It is unfortunate your editorial on Aug. 1, “For-profit colleges not a good use of taxpayer funds,” gave an incomplete and unbalanced description of the report of Sen. Tom Harkin and the Democratic staff of the Senate HELP Committee.

You did not mention comments by the Republican minority that said the majority’s biased conduct throughout this process raised substantial doubt about the accuracy of the report.

Nor did you mention that the report covered 19 areas of school operations in addition to the student retention data you referenced. Or, that Education Management Corp. scored in the top half of the 15 companies reviewed in more than half of those categories — earning high marks for its investment in instruction and academics.

EDMC institutions graduate more than 18,000 undergraduates per year, 75 percent who are employed in the field of their studies or a related field within six months of graduation — even in this difficult economy.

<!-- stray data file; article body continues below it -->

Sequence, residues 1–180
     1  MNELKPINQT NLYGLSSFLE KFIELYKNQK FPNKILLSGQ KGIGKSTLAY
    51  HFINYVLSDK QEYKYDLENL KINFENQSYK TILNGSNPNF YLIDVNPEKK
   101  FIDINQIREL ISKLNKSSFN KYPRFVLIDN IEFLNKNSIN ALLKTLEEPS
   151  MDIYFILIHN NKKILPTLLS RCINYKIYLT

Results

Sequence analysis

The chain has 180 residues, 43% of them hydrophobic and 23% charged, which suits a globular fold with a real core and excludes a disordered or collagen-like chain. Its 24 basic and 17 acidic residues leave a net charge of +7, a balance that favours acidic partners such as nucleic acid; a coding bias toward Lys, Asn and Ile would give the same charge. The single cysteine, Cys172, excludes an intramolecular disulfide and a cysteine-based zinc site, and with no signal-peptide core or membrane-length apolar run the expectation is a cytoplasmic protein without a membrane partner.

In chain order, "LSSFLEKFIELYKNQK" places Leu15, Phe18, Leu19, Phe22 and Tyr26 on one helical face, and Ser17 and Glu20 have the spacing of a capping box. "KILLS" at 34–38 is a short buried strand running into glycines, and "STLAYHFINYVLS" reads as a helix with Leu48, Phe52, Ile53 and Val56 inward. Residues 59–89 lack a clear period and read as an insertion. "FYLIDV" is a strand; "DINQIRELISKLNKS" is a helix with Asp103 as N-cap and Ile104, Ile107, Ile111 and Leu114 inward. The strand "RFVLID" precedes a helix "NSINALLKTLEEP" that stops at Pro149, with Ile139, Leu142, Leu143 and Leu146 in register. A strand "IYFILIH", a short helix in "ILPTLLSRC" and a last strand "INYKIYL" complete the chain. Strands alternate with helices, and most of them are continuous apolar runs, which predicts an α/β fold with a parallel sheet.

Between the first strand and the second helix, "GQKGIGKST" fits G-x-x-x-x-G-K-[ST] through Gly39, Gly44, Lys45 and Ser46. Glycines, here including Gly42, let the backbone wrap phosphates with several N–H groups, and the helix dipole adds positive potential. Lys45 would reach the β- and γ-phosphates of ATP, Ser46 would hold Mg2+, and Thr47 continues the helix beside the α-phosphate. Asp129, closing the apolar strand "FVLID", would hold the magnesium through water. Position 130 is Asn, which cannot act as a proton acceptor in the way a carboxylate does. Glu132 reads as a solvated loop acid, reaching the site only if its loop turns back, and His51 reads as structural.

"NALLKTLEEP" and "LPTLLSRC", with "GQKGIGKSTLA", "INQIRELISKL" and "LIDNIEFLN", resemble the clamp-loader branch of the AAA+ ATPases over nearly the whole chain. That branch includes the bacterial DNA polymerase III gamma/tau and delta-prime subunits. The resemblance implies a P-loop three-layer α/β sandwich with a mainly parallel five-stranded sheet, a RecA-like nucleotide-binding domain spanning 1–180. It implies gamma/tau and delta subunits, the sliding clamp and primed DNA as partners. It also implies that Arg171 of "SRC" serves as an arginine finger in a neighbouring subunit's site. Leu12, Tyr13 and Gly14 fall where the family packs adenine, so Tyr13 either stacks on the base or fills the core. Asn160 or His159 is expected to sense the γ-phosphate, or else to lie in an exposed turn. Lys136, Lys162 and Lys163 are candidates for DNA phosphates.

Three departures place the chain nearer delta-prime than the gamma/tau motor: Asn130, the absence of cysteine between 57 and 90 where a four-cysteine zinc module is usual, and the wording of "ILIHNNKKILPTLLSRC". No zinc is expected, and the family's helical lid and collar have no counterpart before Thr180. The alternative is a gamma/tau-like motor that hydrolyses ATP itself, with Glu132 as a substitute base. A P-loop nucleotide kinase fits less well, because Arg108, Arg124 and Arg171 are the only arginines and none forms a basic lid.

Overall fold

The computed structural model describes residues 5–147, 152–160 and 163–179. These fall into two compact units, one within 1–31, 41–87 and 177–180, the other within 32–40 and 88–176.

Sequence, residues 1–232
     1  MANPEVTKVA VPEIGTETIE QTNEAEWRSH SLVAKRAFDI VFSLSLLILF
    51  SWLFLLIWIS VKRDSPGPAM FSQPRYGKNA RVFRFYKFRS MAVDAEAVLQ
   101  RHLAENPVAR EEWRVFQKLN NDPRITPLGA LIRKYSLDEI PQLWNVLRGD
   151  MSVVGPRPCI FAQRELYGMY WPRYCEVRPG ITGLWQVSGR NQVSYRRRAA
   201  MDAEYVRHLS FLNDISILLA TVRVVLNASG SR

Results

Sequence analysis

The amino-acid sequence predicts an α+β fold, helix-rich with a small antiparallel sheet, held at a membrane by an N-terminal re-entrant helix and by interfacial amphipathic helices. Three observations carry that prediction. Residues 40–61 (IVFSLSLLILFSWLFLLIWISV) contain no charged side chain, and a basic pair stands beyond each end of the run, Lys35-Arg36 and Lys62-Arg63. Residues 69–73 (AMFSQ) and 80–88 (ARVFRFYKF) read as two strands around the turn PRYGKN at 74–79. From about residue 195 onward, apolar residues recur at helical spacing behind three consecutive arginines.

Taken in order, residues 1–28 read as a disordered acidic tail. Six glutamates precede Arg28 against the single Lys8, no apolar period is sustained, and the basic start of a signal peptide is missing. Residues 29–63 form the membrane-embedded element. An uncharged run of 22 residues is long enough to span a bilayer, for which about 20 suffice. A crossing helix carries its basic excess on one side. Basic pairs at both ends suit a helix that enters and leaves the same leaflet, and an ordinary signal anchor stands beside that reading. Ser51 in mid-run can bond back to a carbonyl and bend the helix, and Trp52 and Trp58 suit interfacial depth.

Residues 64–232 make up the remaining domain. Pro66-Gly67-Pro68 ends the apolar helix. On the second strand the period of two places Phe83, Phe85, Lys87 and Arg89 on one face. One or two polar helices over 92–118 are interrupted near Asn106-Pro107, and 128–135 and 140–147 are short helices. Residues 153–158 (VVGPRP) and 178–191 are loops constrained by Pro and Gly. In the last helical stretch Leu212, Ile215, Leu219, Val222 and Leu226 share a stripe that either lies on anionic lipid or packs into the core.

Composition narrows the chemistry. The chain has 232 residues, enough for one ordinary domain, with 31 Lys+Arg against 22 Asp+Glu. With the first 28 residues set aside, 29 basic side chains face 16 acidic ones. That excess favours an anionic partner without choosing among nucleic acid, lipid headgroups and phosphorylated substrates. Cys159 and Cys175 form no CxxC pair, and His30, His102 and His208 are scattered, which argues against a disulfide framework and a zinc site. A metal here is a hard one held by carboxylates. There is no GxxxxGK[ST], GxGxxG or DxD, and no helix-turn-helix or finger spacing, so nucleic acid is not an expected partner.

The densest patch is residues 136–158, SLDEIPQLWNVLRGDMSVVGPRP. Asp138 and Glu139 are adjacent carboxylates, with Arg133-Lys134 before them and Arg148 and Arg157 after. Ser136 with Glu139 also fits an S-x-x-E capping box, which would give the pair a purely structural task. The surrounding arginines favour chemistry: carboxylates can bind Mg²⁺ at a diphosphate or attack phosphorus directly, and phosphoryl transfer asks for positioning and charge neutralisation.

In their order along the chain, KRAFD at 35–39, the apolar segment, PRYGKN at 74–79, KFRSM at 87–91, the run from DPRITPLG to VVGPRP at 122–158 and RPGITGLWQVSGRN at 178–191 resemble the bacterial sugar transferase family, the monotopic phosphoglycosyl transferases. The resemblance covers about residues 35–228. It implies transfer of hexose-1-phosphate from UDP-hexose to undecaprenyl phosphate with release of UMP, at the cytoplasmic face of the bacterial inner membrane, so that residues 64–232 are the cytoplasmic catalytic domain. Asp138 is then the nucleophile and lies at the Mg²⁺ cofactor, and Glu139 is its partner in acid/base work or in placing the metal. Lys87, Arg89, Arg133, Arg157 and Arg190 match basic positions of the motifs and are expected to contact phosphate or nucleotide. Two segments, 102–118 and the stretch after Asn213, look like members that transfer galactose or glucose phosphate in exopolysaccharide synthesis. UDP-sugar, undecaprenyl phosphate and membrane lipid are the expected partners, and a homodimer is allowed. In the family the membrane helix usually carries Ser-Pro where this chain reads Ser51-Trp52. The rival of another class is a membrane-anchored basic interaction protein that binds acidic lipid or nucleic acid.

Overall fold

EDMC isn’t satisfied with its student retention rate and continues to work to improve it.

Had committee staff calculated EDMC’s drop-out rate using the same methodology it used for the other companies, however, as well as identified all persisting students, our dropout rate would have been 10 percentage points lower than reported.

For further perspective, EDMC’s New England Institute of Art, for example, has a higher graduation rate than the University of Southern Maine, Maine College of Art and Husson University, according to the Integrated Postsecondary Education Data System.

All of us in higher education need to find ways for more students to complete their education, and we agree that educational institutions should be accountable for student success.

Accountability, however, should be demanded across all institutions, whether for-profit or nonprofit, and regardless of tax status.

Former Maine Gov. John R. McKernan Jr. is the chairman of Education Management Corp.

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